Surface geometry

If the objective is to decimate the surface geometry, i.e., the mesh itself, as opposed to quantities assigned to vertices or faces, one can use similar steps:

  1. Select the vertices from the first up to the last vertex of the icosahedron in the level needed.
  2. Iteratively downsample the face indices by selecting first those that are formed by three vertices that were appended for the current iteration, then for those that have two vertices appended in the current iteration, then connecting the remaining three vertices to form a new, larger face.


Using downsampled data is useful not only to display meshes in PDF documents, but also, some analyses may not require a high resolution as the default mesh (ico7), particularly for processes that vary smoothly across the cortex, such as cortical thickness. Using a lower resolution mesh can be just as informative, while operating at a fraction of the computational cost.

A script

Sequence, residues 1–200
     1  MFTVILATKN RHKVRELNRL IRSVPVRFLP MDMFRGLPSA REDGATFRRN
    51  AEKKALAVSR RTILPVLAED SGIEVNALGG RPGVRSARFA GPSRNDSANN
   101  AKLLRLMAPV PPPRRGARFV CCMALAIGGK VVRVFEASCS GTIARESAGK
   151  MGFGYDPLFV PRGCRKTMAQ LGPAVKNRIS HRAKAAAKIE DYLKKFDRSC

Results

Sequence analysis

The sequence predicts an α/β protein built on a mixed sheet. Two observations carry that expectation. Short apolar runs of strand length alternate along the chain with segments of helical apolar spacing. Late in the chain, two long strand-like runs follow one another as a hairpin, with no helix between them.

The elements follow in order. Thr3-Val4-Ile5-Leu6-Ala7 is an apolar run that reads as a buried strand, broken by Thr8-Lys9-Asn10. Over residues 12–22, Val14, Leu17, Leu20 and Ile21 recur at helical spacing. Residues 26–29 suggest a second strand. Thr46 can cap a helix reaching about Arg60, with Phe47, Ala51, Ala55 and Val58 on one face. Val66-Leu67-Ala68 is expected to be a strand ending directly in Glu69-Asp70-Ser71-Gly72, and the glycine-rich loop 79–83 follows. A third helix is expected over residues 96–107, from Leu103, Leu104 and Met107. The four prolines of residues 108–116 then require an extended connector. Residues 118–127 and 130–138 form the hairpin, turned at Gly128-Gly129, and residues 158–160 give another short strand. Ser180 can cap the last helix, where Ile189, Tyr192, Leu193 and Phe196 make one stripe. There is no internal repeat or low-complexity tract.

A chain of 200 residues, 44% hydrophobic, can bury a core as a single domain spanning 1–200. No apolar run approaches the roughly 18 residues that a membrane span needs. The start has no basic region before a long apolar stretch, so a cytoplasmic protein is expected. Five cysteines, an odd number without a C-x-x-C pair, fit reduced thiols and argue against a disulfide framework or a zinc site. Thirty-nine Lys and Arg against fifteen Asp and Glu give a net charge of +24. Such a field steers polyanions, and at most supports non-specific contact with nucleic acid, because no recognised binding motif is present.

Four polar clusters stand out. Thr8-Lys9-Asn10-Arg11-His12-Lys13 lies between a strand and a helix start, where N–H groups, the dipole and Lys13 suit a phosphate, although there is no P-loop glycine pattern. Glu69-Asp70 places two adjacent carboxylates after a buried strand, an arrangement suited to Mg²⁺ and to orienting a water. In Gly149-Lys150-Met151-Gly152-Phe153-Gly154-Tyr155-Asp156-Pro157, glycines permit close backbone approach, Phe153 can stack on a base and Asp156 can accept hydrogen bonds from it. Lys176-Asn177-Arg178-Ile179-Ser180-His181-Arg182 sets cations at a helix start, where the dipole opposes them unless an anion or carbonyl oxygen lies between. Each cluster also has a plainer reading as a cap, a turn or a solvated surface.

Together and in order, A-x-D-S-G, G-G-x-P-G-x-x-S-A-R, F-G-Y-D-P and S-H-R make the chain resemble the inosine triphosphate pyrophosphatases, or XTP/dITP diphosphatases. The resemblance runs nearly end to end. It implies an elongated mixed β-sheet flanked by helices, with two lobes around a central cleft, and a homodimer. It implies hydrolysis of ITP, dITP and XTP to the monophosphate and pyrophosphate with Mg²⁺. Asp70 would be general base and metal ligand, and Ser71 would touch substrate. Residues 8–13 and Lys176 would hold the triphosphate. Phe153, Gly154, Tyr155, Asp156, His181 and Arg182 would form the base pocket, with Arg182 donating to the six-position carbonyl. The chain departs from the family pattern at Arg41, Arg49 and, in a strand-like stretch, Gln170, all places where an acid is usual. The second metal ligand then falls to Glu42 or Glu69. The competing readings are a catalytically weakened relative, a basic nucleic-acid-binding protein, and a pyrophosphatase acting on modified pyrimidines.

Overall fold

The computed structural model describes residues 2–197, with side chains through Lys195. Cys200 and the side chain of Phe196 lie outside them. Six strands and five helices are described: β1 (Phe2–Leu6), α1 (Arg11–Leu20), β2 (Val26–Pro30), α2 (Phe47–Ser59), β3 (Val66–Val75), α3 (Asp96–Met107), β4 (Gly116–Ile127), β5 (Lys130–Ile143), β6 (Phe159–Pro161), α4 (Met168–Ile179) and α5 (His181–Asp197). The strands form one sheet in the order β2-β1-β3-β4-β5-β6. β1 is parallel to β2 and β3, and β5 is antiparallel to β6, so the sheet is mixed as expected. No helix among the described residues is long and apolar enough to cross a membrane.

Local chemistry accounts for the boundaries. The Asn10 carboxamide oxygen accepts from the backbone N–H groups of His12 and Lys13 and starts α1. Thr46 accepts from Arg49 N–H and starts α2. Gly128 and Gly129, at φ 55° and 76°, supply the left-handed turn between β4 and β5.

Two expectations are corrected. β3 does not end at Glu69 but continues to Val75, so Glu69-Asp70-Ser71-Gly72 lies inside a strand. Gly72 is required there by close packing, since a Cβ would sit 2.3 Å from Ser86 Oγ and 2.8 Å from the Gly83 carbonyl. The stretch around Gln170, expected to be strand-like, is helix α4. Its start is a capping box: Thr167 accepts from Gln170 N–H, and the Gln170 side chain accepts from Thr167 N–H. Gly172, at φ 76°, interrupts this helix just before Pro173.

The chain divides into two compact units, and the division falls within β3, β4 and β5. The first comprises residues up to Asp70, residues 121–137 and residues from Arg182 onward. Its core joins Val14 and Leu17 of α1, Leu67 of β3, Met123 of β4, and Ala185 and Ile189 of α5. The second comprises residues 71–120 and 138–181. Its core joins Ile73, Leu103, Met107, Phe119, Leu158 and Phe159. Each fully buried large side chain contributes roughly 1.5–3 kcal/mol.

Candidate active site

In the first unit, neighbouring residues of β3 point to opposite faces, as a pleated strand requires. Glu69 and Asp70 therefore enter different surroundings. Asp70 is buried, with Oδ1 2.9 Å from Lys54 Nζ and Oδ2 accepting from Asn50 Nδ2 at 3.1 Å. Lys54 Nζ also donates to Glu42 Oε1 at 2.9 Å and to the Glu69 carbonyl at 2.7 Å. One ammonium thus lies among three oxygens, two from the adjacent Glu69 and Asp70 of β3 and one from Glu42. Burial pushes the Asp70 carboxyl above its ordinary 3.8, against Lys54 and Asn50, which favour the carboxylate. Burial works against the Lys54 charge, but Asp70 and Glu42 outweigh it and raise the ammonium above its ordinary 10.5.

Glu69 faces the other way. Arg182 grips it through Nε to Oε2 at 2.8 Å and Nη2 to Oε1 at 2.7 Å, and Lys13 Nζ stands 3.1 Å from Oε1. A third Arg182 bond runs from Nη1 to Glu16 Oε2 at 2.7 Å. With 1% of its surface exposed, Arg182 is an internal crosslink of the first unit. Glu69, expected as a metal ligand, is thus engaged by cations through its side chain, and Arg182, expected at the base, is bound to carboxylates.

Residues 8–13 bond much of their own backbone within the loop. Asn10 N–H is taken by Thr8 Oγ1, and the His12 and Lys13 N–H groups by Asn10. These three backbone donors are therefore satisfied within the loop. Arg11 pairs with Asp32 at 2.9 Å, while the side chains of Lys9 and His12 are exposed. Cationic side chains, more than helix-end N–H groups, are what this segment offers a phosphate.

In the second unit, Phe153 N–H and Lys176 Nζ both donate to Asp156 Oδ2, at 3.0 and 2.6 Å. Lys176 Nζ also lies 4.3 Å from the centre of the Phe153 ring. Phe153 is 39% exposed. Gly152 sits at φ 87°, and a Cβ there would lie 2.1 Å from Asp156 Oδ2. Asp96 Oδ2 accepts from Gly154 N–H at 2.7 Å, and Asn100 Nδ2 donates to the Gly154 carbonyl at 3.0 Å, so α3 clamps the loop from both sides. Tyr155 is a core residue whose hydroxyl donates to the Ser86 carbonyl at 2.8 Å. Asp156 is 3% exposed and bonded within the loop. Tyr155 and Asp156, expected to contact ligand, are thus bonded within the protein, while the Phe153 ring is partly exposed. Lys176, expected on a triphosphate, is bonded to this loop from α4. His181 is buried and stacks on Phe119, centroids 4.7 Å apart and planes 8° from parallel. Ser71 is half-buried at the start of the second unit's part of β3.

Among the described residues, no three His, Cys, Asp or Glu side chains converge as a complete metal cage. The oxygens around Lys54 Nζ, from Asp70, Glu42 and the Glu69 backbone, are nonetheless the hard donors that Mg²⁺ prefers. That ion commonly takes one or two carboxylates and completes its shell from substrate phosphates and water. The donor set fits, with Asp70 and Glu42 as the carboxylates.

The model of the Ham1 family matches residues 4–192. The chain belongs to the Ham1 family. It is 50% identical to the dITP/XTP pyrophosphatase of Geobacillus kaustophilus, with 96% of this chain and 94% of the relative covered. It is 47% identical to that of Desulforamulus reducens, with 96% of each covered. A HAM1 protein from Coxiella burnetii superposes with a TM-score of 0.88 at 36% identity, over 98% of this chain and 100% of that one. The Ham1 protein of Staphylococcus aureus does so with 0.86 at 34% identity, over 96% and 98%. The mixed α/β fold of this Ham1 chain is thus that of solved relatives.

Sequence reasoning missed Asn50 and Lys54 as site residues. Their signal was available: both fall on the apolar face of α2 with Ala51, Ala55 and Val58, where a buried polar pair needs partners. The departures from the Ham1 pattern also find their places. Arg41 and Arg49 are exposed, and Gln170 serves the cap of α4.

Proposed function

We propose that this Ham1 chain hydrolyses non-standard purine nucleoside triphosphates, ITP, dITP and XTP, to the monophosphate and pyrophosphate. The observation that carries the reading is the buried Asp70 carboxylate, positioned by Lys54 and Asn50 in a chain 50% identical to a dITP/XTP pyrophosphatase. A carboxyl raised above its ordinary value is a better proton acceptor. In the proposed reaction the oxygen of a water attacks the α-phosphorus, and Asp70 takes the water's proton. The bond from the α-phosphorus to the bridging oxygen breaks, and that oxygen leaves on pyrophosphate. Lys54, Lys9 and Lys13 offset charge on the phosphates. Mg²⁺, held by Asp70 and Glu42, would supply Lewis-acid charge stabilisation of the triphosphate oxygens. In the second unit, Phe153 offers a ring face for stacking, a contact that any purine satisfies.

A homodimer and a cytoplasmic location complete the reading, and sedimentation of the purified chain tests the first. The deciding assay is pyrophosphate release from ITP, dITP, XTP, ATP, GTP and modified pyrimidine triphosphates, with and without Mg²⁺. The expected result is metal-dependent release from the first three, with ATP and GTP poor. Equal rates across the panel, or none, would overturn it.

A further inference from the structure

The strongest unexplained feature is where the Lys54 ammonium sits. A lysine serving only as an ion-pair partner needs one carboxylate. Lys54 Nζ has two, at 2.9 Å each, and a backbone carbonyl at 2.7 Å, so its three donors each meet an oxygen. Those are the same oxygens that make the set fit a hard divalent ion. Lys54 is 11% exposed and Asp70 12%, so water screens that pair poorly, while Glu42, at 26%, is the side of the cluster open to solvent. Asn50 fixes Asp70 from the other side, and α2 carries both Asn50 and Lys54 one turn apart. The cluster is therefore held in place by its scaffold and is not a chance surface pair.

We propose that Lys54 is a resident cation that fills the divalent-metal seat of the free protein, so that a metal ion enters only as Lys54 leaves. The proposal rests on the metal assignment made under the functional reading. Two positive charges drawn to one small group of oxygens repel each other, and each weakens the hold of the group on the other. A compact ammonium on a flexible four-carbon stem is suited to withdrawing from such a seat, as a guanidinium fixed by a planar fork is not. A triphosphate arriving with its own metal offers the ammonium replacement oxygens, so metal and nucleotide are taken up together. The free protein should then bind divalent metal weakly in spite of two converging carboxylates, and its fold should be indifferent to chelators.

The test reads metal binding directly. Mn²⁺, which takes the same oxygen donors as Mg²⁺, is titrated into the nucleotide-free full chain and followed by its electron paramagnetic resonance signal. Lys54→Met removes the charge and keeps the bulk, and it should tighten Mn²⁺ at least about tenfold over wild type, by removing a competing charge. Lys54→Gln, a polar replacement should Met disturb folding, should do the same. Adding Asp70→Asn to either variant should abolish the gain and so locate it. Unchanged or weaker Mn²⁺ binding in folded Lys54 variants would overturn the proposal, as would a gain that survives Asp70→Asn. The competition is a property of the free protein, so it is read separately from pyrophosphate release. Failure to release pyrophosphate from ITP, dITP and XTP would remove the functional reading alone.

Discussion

A script that does the tasks above using Matlab/Octave is here: icodown.m. It is also available as part of the areal package described here, which also satisfies all its dependencies. Input and output formats are described here.

Interactive 3D brains in PDF documents

A screenshot from Acrobat Reader. The example file is here.

Would it not be helpful to be able to navigate through tri-dimensional, surface-based representations of the brain when reading a paper, without having to download separate datasets, or using external software? Since 2004, with the release of the version 1.6 of the Portable Document Format (PDF), this has been possible. However, the means to generate the file were not easily available until about 2008, when Intel released of a set of libraries and tools. This still did not help much to improve popularity, as in-document rendering of complex 3D models requires a lot of memory and processing, making its use difficult in practice at the time. The fact that Acrobat Reader was a lot bloated did not help much either.

Now, almost eight years later, things have become easier for users who want to open these documents. Newer versions of Acrobat are much lighter, and capabilities of ordinary computers have increased. Yet, it seems the interest on this kind of visualisation have faded. The objective of this post is to show that it is remarkably simple to have interactive 3D objects in PDF documents, which can be used in any document published online, including theses, presentations, and papers: journals as PNAS and Journal of Neuroscience are at the forefront in accepting interactive manuscripts.